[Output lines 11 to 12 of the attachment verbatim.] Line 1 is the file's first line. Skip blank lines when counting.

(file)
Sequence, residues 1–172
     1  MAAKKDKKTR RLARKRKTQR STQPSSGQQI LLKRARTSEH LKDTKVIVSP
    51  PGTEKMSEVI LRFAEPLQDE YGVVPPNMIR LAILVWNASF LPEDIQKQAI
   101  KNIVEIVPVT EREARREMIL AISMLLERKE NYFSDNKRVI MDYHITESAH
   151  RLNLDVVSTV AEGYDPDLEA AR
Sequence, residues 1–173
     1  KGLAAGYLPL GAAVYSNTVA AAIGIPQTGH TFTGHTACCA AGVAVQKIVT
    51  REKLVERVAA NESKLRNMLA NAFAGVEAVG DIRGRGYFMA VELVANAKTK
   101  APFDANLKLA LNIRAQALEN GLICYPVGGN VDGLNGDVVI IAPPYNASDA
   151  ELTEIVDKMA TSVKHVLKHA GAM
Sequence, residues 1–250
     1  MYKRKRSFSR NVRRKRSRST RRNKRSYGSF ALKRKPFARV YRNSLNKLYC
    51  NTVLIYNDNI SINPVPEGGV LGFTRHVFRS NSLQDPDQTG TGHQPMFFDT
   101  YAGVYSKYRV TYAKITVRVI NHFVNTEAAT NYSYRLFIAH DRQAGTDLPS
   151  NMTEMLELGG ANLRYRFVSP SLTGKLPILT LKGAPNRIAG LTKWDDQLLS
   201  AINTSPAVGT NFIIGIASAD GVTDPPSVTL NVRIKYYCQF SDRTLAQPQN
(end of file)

Sequence, residues 1–250
     1  MYKRKRSFSR NVRRKRSRST RRNKRSYGSF ALKRKPFARV YRNSLNKLYC